Power amplifies who you are—the good, the bad, and the ugly. That means leaders have to be on their guard about certain temptations. I don’t know a single leader who has not dealt with at least one of these four.
If you’re an entrepreneur at heart like me, it’s tempting to wear every hat in the business. This is especially true if you’re cursed with being halfway good at all those jobs.
That’s not a compliment, by the way. I should emphasize the word cursed. Think of it this way: Would you intentionally hire someone who was halfway good at their job? Of course not. You want people who are fully competent.
And yet it can be hard to let go of those hats, right? But here’s the reality. If you want to wear all the hats, you’ll have to pull out more than a rabbit to be successful.
When I was CEO of Thomas Nelson, a consultant called me out for how little I smiled. I didn’t know I was scowling, but I was setting the wrong mood for my team. After that I not only learned to smile, I learned five reasons it matters—for you and others.
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Welcome to Season 4, Episode 3 of the This Is Your Life podcast. Stu McLaren is filling in for my regular cohost Michele Cushatt. In this episode, we discuss why learning to lead means learning to follow.
If you want to be an effective leader, it’s critical that you first learn to be an effective follower. It sounds counterintuitive, but without the character and skill formation that comes from learning to follow, you’re almost guaranteed to be a poor leader.
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Pollsters say reading is in decline. As an author and former publishing executive, the statistics make me wince. But I’m optimistic for another reason.
Why? A readership crisis is really a leadership crisis. And for people who know how to respond, crisis is just another way of saying opportunity.
Follow the major news stories on crises in business, politics, diplomacy, whatever, and it’s impossible to miss that most are crises of leadership. Unsurprisingly, we see the same failures and mistakes over and over. Here are the ten I most often notice.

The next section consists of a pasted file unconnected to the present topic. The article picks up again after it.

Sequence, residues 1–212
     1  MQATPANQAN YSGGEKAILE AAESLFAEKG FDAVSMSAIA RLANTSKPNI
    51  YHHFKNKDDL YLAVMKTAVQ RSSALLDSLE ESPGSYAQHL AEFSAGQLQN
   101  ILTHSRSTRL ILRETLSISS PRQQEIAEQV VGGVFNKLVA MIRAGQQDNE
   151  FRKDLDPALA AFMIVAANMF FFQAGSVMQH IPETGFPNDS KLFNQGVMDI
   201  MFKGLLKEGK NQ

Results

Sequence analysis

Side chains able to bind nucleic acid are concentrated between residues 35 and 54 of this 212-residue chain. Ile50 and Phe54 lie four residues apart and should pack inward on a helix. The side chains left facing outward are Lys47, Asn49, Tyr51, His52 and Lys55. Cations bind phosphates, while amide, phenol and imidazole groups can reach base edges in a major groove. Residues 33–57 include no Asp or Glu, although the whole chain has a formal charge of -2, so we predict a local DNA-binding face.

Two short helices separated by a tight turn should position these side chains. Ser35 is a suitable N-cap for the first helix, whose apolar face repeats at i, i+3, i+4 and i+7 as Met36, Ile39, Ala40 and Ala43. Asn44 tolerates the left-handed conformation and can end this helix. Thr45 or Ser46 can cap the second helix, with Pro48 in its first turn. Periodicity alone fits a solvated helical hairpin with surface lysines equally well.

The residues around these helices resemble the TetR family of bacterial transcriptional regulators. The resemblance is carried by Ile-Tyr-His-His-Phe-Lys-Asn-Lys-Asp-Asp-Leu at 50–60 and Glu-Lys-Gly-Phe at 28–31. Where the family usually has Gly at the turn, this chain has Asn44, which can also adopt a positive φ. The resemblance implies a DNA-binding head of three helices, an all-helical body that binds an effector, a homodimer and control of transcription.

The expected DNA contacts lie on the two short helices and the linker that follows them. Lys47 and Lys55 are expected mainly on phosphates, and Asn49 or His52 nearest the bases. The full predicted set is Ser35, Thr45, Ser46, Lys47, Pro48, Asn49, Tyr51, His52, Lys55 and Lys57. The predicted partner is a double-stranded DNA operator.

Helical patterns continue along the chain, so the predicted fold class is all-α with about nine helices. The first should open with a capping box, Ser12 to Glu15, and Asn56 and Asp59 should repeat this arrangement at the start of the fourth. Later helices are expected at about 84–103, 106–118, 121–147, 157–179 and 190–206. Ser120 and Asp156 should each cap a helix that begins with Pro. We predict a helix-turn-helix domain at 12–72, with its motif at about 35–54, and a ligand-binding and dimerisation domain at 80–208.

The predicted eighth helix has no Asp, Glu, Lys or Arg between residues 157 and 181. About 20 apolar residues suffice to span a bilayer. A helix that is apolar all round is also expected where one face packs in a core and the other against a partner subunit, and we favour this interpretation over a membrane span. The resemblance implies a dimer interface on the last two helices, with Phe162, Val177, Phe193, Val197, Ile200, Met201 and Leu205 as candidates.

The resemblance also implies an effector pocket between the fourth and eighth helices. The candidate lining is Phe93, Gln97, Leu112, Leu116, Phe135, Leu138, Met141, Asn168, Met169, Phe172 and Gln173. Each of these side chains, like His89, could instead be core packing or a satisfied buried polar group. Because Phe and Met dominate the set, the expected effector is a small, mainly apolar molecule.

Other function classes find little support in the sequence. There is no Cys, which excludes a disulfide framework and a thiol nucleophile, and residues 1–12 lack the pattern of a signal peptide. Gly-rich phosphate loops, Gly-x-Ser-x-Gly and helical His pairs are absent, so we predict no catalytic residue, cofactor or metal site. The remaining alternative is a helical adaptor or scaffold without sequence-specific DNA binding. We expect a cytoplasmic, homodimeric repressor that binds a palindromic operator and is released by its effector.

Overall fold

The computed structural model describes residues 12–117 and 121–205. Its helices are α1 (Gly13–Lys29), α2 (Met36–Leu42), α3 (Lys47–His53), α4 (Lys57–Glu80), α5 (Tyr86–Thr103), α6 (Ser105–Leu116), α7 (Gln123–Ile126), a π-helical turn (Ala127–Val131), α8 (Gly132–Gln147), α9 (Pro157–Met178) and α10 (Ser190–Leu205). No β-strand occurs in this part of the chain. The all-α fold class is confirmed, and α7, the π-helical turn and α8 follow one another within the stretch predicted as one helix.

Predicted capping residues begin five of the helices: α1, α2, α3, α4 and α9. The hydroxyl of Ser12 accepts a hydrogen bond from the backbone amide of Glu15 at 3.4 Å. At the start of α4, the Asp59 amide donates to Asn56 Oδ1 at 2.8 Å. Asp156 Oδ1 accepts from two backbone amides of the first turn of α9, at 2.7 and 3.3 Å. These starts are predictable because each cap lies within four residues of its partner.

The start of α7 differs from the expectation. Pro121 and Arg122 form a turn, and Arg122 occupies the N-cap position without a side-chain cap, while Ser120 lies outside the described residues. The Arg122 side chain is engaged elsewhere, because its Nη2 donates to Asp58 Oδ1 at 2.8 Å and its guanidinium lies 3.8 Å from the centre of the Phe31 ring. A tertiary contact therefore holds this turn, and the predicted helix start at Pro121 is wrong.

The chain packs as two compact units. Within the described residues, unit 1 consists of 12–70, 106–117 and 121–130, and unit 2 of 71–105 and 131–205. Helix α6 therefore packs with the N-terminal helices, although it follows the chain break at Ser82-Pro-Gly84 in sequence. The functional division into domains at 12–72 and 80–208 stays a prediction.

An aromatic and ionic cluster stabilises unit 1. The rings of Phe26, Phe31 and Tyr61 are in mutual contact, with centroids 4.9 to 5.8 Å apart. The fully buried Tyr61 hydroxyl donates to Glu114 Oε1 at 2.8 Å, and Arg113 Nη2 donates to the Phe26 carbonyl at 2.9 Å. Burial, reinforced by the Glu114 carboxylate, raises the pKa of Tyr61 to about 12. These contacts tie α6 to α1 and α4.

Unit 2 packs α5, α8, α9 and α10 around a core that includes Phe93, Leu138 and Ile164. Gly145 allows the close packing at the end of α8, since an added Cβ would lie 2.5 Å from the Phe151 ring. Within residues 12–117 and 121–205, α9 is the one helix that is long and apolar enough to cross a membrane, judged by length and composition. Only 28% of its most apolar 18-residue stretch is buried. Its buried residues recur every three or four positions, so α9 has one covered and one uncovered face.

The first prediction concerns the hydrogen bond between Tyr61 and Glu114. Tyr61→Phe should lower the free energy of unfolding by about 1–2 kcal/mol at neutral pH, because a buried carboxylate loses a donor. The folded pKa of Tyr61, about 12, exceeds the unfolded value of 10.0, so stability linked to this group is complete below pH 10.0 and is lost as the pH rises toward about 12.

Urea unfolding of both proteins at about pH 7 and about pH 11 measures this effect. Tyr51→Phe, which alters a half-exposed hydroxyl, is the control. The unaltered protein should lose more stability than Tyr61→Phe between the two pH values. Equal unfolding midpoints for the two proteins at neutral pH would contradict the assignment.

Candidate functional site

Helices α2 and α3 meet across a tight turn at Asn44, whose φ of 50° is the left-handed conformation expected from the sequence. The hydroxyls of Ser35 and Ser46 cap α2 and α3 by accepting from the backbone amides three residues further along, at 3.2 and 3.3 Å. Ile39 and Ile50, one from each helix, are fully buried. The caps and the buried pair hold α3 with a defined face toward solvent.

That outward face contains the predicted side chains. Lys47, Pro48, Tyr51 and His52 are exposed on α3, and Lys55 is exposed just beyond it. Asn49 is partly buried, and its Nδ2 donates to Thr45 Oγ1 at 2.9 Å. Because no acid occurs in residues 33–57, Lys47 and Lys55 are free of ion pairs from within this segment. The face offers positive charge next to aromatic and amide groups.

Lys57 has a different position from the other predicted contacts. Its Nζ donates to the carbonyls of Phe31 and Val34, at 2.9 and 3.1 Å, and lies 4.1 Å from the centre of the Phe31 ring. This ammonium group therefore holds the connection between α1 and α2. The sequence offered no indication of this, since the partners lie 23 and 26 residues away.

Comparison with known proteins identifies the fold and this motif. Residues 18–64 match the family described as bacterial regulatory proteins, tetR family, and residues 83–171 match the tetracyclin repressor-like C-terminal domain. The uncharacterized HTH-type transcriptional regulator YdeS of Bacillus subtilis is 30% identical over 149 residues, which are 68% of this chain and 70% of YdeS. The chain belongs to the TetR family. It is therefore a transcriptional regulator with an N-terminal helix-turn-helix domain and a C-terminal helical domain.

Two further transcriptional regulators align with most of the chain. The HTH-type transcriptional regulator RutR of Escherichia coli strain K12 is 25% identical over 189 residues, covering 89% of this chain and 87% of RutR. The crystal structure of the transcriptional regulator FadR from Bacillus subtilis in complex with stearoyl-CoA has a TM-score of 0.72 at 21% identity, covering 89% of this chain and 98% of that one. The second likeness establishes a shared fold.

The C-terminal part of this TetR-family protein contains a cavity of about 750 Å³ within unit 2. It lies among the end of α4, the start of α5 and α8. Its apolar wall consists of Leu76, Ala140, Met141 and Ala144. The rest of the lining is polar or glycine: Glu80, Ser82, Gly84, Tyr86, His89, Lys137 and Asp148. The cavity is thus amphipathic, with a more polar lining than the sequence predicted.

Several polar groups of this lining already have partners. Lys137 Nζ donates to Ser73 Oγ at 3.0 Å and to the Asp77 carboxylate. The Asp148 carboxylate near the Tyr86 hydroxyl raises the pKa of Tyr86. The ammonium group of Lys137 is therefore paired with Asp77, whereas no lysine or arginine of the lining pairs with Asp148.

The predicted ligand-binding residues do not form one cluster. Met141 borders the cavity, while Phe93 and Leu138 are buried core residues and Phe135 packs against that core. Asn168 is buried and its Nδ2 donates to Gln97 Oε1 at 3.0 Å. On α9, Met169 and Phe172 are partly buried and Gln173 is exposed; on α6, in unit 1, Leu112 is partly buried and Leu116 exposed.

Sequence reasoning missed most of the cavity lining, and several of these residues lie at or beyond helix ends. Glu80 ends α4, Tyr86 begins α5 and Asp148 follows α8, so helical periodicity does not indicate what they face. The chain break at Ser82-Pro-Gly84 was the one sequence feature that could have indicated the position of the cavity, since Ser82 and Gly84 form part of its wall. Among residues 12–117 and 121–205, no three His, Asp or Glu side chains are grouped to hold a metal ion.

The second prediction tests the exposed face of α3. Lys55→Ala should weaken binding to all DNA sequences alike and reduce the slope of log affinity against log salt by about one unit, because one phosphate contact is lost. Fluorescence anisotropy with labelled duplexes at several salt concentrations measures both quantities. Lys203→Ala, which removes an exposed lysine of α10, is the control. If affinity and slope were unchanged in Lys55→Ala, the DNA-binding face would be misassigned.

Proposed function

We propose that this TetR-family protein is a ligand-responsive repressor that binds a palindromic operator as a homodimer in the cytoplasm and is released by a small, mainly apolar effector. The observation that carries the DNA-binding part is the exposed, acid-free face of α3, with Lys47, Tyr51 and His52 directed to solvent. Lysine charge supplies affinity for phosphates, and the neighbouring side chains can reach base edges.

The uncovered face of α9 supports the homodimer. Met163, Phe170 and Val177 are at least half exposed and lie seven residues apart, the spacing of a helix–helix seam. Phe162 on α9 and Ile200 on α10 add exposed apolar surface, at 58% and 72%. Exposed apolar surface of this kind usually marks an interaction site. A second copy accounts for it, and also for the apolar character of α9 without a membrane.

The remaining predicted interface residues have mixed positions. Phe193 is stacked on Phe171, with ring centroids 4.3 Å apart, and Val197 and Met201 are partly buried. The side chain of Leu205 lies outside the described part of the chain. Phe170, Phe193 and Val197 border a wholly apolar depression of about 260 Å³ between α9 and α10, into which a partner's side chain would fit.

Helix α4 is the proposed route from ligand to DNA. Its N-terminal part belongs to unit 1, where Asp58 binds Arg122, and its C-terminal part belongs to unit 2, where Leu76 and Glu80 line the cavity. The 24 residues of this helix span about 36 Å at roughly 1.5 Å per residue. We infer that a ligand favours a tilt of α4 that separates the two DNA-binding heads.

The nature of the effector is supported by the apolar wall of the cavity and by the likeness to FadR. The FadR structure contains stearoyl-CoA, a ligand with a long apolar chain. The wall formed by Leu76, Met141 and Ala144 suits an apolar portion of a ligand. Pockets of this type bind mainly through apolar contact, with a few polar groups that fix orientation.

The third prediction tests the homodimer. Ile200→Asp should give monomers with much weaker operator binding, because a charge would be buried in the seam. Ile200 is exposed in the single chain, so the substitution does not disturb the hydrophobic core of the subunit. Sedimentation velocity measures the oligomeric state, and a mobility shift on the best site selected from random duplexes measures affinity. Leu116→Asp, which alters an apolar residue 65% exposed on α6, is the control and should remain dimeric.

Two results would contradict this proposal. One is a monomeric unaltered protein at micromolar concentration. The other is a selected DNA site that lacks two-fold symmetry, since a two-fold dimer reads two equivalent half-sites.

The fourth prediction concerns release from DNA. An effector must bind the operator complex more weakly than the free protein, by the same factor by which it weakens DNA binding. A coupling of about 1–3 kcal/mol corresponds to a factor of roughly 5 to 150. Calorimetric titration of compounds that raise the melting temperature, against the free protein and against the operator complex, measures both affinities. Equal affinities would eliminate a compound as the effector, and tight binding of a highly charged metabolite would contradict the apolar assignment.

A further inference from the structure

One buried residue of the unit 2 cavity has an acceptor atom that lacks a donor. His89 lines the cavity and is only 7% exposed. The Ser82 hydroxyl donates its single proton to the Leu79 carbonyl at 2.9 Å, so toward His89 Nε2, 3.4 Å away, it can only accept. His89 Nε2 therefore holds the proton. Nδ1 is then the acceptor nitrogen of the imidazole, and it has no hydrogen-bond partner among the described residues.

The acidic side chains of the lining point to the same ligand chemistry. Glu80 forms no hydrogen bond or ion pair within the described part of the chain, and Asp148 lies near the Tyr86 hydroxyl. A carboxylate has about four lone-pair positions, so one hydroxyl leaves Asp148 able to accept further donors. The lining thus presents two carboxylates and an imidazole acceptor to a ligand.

Donald Miller’s newest book, Scary Close: Dropping the Act and Finding True Intimacy, is out and off to a great start. I can see why. It’s his best book so far.
I’ve known Don for over a decade. He was one of our bestselling authors at Thomas Nelson, during the time I was publisher, president, and later CEO. But more than an author, over time he also became a friend—and a teacher.
Don told us about his relationship with God in Blue Like Jazz, which went on to become a huge success. Now, Don tells us about his relationship with relationships. And I hope it becomes a huge success too.
I have been in and around the publishing business my entire professional life. So I understand the potential impact of a great book.
In business, the right book at the right moment can tilt the playing field and give you a crucial advantage. These thirty-seven business books have personally made a huge difference for me. In fact, they’re the best I’ve ever read.
Michael and I have been friends for well over a decade. When we met, he was already a good leader. But over the years I’ve watched him grow and become an even better one.
And one of the things I love about Michael is that whatever he’s learning, he’s continually passing along to you.
If you’re like most of Michael’s readers, you want to become a better leader. You want to grow. You want to be more productive. You want to develop your platform. In short, you want to increase your influence. But I have a question for you. Why?
When we think of leaders from America’s revolutionary era, our minds jump to military commanders like George Washington, political organizers like Samuel Adams, and rousing orators like Patrick Henry. In the hierarchy of the Revolution, these men stand atop the loftiest rungs. For good reason.
These men accomplished amazing feats against incredible odds. But they could not have done it alone. Like executives in a successful company, they required the service and sacrifice of others to achieve their goals. They required effective lieutenants—people like Paul Revere.
As a leader, are you investing your best resources in the wrong people? It is easy to see other people making this mistake. It is more difficult to catch yourself doing it.
I’ve been guilty plenty of times. Leaders often make this same mistake in various areas of their lives, but what can you do if you are in this situation?